So I told him what the guy in the gallery had said, and after heíd finished ranting and raving about what idiots they were, of course they were for sale, thatís why they had prices on them. He seemed suspicious of me: why was I buying this plate? I said it just attracted me, and I liked other things, but I always came back to that one. Something about it I couldnít describe. He asked me what I knew about ceramics, and I said, nothing, that it had never even occurred to me to consider ceramics an art form until I saw that plate.
Then he began to tell me about the plate. It was his favorite piece in the show, and it was his favorite kind of ware: it was Bizen ware. In Bizen, Japan, the clay is so black with minerals, you donít even need to glaze it: in the firing, the minerals rise up from the clay and cover the clay with a self-glaze. Since they are fired in wood kilns, ash often falls on the pots, and creates streaky parts in the glaze. He used all this, and also threw in a bit of salt, since salt-glazing was peculiarly English, and he was English, so it married the Japanese and English traditions.
He said a plate like this would be fired, and glazed, and refired, and reglazed, over and over againÖan article I read about him said sometimes heíd glaze a piece 15-20 times. He told me heíd destroyed 45 plates in the process of trying to make this one: if he didnít like where it was going, heíd smash it.
This piece cracked in the firing, and the Japanese tradition is that this is a natural effect of the fire, and desirable, and to be enhanced, so he put a gold-looking material in the crack to emphasize it: he called it "plastic steel," and when he looked at the back, he said he thought it needed something, so heíd even signed the back of it, which he never did, since he said he felt all his pieces were signed all over with his hands.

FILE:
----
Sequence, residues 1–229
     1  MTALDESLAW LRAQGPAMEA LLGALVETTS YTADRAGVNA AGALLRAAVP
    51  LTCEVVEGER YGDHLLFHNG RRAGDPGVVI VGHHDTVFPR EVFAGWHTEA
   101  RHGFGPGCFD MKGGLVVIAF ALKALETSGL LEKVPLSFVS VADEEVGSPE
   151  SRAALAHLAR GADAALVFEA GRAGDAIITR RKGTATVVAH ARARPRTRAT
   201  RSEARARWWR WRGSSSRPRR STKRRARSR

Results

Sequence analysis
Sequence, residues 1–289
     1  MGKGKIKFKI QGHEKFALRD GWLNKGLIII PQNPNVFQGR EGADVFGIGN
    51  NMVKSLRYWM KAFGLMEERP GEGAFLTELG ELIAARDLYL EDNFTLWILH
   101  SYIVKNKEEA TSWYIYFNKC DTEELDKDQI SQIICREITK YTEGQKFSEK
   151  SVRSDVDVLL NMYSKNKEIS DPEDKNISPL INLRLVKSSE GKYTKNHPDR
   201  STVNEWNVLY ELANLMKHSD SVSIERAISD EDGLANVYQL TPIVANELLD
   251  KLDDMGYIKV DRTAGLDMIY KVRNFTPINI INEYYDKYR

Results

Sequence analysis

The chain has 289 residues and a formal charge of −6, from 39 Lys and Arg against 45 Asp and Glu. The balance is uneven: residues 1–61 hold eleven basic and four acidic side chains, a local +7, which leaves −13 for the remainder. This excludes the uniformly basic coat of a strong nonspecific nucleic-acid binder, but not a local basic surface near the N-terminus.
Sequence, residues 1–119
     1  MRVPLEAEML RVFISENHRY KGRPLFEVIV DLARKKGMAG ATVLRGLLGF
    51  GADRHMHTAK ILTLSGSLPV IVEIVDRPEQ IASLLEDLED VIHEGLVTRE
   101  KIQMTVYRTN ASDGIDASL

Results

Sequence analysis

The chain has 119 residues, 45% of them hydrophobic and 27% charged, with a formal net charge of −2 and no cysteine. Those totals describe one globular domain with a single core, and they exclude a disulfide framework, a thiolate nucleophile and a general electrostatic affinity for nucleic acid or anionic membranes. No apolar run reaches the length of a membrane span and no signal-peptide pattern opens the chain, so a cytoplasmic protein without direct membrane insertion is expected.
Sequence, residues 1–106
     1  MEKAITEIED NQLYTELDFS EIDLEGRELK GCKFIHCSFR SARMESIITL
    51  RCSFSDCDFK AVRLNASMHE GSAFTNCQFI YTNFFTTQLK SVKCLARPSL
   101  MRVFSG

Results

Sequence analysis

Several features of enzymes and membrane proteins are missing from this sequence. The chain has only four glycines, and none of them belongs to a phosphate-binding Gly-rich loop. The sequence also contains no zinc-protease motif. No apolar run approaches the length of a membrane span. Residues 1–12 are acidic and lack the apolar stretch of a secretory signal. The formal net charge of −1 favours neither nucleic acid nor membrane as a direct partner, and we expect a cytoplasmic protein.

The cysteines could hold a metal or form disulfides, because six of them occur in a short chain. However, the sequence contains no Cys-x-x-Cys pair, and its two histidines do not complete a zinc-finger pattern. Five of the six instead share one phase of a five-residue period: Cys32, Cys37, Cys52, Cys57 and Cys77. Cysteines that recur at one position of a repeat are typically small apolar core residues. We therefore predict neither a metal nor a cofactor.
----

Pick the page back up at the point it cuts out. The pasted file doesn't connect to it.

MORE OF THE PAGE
So, I asked him, almost afraid heíd change his mind, why, if it were so special, it was the cheapest thing in the show. "I price my own things for the local market. In another town, it would be higher, because those people appreciate my work; here, people donít like these plain, brown things." I mentioned the pink and purple one, and he said, "I make those things because theyíre fun, and people here like that stuff: itís pretty, and they eat it up."
I went to the gallery, and paid for it. I kept going to the show to admire it, because I couldnít take it home until the show was over, and I noticed the pink and purple thing had a sold sticker, too. Three or four years later, I met a guy named Mark through a friend, and when he came to my apartment, he spied the plate from across the room and said, "No! That isnít a plate by --?" and went up to it, admiringly. "Itís signed on the back," I said, and he said, "Oh, but he never signs his work," and he turned it over, and went green with envy. Turns out, he was the one who bought the pink and purple one. They were the only two pieces in the show that sold.
Mark and I became best friends, and hung out together for about five years or so. For years, he tried to buy the plate from me, and one time, when I was so desperately broke I was nearly insane, I went to a show of that potterís and saw his ordinary slab plates were starting at $1000; I offered it to my friend, he talked me down to $750, then changed his mind, and decided he really didnít want it, after all. I was relieved! Of course, I never tried again, since there is no market for these things in this city, and it is one of those few things with such sentimental value, I didnít want the heartbreak of trying the hawk it for a few bucks, and having it rejected.